Fort Lauderdale, FL—As trial opened last week against the nation's two largest tobacco companies over claims smoking killed a New York native who spent her winters in Florida, attorneys debated what fueled the woman's half-century of smoking and whether she was a sunshine state resident for purposes of a massive tobacco class action. Martin v. Philip Morris, et al., 2007-CV-036440.
New York-native Carole Martin was only 12 in 1951 when she first picked up a Philip Morris-made Lucky Strikes cigarette. She continued to smoke up to two packs of cigarettes a day for 55 years, said attorney Eric Rosen of Kelley Uustal, representing Martin's widower, Stanley Martin. Martin ultimately suffered a heart attack in 1995 before developing lung cancer in 2003.
She died in 2004.
Stanley Martin claims Philip Morris and R.J. Reynolds hooked his wife on cigarettes and ultimately caused her heart disease and cancer by hiding the dangers of cigarettes from the public for much of the 20th century.
Martin's case is one of thousands of suits against the tobacco giants that stem from Engle v. Liggett Group, a 1994 class action lawsuit involving Florida smokers. Jurors in the original class action found for the plaintifs and concluded the companies knowingly produced dangerous, addictive cigarettes and hid those dangers from the public. The Florida Supreme Court decertified the class, but allowed the jury's findings to stand. Individual "Engle-progeny" plaintiffs must prove the smokers at the centers of their cases suffered from nicotine addiction that caused a smoking-related disease in order to be entitled to the original jury's findings on liability.
However, to fall within the ambit of the Engle class, a smoking-related disease must "manifest" itself before November 21, 1996, meaning Carole Martin's 1995 heart disease is the disease on which Engle class membership hinges.
During last Wednesday's openings, Eric Rosen said Martin's heart disease was caused by a nicotine addiction so powerful, cigarettes consumed much of her day. Rosen told jurors Martin smoked first thing in the morning, while cooking, in the car, in bed, while pregnant, and during meals. She even checked herself out of the hospital so that she could smoke, Rosen said. "She had a heart attack in '95, and she continued to smoke right after that," Rosen told jurors, adding Martin failed in quit attempts using a variety of methods from eating hard candy to plastic cigarette substitutes.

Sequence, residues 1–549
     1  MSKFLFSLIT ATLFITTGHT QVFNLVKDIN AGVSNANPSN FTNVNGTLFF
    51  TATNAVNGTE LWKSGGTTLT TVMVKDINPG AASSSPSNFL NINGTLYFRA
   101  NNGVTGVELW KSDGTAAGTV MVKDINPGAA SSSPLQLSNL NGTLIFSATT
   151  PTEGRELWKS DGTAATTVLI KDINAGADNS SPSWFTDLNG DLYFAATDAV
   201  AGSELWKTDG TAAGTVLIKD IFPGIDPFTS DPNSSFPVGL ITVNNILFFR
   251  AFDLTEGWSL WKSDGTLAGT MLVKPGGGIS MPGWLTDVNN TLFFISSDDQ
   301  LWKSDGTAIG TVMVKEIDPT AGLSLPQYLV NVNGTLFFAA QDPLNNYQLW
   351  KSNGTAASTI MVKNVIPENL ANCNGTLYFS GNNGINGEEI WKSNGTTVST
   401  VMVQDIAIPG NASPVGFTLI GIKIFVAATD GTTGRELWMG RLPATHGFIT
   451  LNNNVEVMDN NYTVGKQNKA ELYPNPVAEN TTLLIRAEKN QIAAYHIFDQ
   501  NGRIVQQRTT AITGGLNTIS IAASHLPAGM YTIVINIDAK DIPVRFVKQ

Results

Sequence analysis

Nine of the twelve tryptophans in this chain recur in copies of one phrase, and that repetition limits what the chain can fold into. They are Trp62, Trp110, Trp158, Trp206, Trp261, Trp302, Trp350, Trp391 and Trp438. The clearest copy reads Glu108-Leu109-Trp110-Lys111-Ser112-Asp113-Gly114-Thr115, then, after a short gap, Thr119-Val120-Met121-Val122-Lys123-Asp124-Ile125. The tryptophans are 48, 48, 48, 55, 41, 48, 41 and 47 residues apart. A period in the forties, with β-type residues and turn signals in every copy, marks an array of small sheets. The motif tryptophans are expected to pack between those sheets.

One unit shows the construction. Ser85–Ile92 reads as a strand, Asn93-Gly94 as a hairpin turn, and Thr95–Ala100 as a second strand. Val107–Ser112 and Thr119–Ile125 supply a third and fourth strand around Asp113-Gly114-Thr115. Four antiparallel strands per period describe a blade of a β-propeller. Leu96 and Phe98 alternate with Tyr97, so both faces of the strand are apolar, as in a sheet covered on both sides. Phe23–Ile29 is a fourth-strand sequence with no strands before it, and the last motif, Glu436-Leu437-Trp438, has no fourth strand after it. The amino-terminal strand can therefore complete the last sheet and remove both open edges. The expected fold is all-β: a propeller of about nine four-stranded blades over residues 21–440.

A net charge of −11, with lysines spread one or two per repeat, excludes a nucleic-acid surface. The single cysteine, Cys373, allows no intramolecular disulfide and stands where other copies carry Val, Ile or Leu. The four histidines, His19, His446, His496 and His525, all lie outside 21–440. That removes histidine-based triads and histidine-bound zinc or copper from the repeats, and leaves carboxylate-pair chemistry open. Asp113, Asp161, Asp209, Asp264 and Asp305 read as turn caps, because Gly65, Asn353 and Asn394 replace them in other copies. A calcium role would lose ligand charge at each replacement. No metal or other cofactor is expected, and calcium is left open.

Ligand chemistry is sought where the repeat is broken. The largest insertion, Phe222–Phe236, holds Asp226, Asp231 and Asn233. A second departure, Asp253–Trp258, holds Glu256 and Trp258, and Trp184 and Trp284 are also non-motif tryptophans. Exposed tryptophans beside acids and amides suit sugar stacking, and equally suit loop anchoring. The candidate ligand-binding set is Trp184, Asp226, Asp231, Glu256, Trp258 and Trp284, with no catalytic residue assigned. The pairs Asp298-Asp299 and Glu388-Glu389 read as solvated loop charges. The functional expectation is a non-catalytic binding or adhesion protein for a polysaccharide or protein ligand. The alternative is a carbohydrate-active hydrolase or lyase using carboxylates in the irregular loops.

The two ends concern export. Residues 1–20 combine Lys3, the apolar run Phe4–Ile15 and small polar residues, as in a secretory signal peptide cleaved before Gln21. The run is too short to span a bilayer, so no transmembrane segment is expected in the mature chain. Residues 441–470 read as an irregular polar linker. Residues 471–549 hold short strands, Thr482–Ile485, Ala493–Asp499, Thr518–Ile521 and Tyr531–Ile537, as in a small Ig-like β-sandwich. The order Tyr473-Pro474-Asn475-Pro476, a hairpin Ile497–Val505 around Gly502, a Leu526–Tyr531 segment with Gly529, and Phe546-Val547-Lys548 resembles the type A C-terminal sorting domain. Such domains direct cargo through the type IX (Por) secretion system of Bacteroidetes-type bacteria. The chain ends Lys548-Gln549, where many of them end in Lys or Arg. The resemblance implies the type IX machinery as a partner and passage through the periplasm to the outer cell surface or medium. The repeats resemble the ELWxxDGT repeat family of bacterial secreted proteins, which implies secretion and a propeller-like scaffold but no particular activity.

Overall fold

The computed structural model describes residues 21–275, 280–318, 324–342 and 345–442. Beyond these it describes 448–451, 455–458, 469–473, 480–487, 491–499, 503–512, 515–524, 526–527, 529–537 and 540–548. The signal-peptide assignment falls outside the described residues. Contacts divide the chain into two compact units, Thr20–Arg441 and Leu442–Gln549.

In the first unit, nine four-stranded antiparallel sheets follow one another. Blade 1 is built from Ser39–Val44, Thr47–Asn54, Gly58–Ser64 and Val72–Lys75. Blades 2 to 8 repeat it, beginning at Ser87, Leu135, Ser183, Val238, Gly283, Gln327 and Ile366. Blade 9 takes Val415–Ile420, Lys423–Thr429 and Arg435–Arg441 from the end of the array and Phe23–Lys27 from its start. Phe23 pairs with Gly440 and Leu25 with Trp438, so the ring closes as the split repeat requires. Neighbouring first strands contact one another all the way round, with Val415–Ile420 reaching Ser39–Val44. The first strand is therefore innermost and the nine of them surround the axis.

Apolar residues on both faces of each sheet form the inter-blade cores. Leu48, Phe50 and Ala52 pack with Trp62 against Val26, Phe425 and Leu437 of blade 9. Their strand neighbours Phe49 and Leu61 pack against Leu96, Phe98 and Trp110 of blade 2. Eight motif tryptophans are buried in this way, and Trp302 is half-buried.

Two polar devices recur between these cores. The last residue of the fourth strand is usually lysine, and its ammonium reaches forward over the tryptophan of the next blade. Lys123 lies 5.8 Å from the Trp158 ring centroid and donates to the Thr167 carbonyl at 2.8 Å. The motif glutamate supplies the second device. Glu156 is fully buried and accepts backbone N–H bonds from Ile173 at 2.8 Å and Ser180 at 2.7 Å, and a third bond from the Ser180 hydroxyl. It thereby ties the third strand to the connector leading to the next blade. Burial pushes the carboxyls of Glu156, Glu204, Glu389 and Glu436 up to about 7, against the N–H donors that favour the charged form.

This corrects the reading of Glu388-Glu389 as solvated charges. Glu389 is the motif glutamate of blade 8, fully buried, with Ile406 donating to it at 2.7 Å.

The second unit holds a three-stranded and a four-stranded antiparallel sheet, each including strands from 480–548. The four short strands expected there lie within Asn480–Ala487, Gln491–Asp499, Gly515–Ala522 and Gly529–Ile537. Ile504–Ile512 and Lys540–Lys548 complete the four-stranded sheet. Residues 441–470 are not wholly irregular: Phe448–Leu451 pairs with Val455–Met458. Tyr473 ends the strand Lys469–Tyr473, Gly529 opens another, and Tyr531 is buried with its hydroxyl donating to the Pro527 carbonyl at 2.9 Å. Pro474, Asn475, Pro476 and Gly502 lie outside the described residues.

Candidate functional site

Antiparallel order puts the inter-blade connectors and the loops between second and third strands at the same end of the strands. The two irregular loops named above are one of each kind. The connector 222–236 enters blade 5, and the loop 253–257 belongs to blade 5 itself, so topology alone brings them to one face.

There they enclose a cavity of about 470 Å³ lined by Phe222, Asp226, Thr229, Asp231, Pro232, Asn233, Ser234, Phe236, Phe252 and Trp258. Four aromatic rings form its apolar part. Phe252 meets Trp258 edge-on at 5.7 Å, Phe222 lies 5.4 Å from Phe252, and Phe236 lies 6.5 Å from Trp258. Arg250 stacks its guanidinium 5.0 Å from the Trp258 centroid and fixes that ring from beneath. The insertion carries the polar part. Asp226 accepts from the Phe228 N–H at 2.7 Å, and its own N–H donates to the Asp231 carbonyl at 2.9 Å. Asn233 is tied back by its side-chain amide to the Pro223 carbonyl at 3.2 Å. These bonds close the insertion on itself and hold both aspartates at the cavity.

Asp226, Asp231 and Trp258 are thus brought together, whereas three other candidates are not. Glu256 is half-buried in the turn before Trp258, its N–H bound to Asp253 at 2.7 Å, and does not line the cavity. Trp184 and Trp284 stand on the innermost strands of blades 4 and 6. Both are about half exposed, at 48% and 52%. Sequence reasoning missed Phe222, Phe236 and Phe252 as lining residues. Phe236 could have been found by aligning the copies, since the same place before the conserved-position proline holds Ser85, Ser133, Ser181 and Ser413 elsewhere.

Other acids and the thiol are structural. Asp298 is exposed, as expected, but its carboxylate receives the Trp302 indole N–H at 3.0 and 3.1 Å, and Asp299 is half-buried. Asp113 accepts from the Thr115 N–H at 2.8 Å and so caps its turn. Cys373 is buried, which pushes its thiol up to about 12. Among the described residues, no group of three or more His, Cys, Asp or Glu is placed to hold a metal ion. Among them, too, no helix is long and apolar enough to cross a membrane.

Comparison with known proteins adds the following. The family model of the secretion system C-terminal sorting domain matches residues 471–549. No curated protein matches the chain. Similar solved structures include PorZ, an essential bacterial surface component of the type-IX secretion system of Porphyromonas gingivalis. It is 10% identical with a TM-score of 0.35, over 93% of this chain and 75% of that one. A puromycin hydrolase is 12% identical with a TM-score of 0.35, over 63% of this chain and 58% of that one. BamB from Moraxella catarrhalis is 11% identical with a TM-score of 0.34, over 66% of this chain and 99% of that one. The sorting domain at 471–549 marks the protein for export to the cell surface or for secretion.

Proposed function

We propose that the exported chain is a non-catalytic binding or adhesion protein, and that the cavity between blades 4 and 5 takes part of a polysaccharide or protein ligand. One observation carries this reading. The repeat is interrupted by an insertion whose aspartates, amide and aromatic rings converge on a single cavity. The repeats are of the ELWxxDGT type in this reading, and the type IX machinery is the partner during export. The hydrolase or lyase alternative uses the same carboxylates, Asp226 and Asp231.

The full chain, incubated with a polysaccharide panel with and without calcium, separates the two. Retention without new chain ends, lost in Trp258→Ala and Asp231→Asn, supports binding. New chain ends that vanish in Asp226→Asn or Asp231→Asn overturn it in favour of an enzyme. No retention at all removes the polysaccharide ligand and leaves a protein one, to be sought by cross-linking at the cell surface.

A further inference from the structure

"For every choice that [Carole Martin] made, I’m going to ask that you look at what she knew and when she knew it," Rosen said. "And look at what R.J. Reynolds and Philip Morris knew and when they knew it, and what they were doing at each point in her life.”
But Shook Hardy's William Geraghty, representing Philip Morris, took issue with Carole Martin's portrayal as hopelessly addicted to cigarettes, and described her as a strong, independent, and sometimes stubborn woman who knew the dangers of smoking but was not interested in quitting until it was too late to prevent the disease.
"The undisputed evidence will show that Stanley and Carole Martin are intelligent people who knew smoking was dangerous for decades. In fact, Stanley Martin himself quit smoking in 1962 or 1963 and he never smoked another cigarette," Geraghty said. "Carole Martin made no real effort to quit smoking for most of her adult life because she enjoyed smoking cigarettes and she wanted to smoke. So in one sense this case holds a simple question. Are you going to hold Philip Morris and R.J. Reynolds legally responsible for Carole Martin's decision to smoke cigarettes and award Stanley Martin money damages when the evidence will show that Carole Martin lived her life the way she wanted to live it? She smoked cigarettes because that’s what she wanted to do and she had no real interest in quitting until the very end."
Beyond addiction, Geraghty argued the Martins were not Florida residents for purposes of Engle class membership. Geraghty said the couple, who purchased a Florida home in 1992 when Stanley retired, were "snowbirds," who spent winters at their Florida home but continued to live in New York outside the cold season. "They maintain a house in New York because Carole Martin doesn't particularly like Florida," Geraghty said.
Later, King & Spalding's Ursula Henninger, representing R.J. Reynolds, told jurors Martin stopped smoking R.J. Reynolds cigarettes in 1975, when she was 36 years old, and never tried to quit cigarettes while she was a Reynolds-brand smoker. "You may have heard about all of these times she tried to quit smoking. None of that occurred before 1975 when she when was smoking R.J. Reynolds cigarettes," Henninger said, arguing Reynolds cigarettes did not cause the heart disease and Cancer Martin suffered decades later.
Trial in the case is expected to last through the end of this week.
Eric Rosen, of Kelley Uustal, represents Stanley Martin.
William Geraghty, of Shook Hardy, represents Philip Morris.
Ursula Henninger, of King & Spalding, represents R.J. Reynolds.